With much of the region still feeling the impact of the global recession and the downturn in the property market, Saudi Arabia is emerging as the region’s new construction heavyweight.
With almost a trillion dollars worth of projects in the Middle East and North Africa having been put on hold or cancelled during the downturn, the kingdom’s construction market is offering hope to the region’s work-hungry contractors.
After forty years of underdevelopment, King Abdullah bin Abdulaziz al-Saud is aware that much needs to be done. Riyadh is investing $385bn over the next five years to develop civil infrastructure. In addition to new homes, a growing population requires social infrastructure such as schools and hospitals, and improved and expanded transport networks.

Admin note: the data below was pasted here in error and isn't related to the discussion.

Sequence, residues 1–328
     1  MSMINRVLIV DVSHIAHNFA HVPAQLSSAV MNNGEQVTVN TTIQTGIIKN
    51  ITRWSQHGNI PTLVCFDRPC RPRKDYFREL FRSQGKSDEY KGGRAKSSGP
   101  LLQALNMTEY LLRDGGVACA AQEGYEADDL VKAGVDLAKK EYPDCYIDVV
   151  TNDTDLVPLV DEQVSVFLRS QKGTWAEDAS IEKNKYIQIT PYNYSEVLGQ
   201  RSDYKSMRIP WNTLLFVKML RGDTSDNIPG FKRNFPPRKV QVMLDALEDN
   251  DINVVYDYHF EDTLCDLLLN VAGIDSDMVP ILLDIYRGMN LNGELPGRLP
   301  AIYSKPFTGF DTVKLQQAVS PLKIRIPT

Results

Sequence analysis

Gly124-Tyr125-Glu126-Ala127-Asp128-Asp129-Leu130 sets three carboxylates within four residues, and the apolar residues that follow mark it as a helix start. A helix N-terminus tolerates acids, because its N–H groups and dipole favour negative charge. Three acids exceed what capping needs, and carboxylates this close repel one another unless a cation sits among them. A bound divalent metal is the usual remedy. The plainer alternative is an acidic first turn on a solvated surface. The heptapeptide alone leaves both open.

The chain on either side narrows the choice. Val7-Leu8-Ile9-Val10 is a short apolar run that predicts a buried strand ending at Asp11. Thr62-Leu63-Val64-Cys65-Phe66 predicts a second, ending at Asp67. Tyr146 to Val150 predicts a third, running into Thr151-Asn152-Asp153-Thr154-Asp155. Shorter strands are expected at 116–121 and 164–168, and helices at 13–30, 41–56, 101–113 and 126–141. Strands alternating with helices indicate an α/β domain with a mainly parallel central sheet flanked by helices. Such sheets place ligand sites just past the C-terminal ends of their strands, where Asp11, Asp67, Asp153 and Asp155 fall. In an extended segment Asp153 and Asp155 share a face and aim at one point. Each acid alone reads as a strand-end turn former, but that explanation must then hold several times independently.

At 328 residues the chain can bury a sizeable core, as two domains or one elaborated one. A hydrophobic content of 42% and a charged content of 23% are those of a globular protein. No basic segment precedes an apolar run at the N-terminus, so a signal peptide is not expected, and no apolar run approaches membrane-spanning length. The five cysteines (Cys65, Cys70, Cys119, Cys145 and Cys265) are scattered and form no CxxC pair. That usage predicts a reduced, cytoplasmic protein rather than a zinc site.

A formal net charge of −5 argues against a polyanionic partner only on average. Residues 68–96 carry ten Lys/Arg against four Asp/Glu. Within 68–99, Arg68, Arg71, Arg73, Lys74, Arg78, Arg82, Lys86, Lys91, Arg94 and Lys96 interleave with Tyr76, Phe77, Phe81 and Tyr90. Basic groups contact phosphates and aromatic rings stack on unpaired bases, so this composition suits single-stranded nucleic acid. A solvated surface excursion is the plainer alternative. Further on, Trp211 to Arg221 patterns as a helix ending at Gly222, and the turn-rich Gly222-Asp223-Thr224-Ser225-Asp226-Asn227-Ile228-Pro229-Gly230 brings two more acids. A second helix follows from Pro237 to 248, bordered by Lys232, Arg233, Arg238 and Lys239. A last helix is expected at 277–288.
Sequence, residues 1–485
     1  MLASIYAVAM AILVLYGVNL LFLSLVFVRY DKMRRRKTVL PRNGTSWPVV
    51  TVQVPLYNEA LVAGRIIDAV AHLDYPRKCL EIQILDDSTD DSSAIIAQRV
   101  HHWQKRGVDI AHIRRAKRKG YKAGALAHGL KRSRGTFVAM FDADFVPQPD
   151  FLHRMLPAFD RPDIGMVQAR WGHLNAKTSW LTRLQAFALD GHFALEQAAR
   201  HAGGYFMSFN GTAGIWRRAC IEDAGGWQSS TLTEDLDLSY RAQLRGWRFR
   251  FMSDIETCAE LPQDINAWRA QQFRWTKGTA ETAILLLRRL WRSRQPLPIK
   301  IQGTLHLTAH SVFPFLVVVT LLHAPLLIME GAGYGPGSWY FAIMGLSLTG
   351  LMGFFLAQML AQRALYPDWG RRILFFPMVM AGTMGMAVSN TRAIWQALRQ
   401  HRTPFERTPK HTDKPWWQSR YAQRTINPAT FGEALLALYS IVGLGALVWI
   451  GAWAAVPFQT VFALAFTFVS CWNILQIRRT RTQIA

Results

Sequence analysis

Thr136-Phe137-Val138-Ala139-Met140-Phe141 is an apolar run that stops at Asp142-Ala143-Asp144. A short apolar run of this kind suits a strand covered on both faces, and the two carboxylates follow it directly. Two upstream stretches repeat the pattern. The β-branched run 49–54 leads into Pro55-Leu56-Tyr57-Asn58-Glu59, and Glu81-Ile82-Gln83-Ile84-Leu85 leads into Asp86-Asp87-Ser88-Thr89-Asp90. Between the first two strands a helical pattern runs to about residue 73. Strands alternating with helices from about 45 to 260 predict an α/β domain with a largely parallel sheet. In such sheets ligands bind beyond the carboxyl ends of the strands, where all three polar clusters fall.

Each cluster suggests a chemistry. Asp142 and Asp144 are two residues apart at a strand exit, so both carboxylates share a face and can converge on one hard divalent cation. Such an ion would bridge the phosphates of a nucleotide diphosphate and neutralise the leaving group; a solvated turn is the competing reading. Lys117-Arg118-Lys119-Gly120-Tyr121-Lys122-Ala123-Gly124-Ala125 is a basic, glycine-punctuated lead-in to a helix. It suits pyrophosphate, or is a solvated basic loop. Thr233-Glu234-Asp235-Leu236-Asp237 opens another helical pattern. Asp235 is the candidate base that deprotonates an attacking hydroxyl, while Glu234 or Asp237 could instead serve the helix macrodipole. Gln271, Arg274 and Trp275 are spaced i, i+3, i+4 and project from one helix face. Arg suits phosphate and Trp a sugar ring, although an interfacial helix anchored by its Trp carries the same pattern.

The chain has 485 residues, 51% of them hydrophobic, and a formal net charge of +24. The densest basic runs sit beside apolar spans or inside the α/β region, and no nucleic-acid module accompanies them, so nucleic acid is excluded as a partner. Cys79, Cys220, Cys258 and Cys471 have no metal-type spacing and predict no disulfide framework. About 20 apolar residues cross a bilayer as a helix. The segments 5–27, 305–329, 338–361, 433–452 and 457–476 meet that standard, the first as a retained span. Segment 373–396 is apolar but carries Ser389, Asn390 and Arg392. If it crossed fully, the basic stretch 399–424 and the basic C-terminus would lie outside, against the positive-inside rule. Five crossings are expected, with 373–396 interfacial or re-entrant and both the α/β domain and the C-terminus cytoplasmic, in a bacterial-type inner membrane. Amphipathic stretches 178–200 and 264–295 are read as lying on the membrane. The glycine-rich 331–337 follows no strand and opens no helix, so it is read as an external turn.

The world’s biggest oil producer is also investing heavily in large industrial schemes in an attempt to diversify its economy.
Saudi Arabia’s development programme will not only be of importance to the kingdom’s growing population, it will result in a raft of new projects and much needed work for the region’s construction sector.
But it will not be an easy task. The kingdom is still a difficult market for foreign companies to enter and one that few major international contractors have been able to penetrate. Numerous barriers to entry and the dominance of local firms mean that it will take time for international contractors to gain a foothold.
Progress is starting to be made. In the past year, contractors from the UAE have managed to enter the Saudi market, winning some projects in partnership with local firms. If Riyadh is to build all that is planned, it will require outside assistance. If foreign firms are willing to persevere and overcome entry barriers, plenty of work awaits them.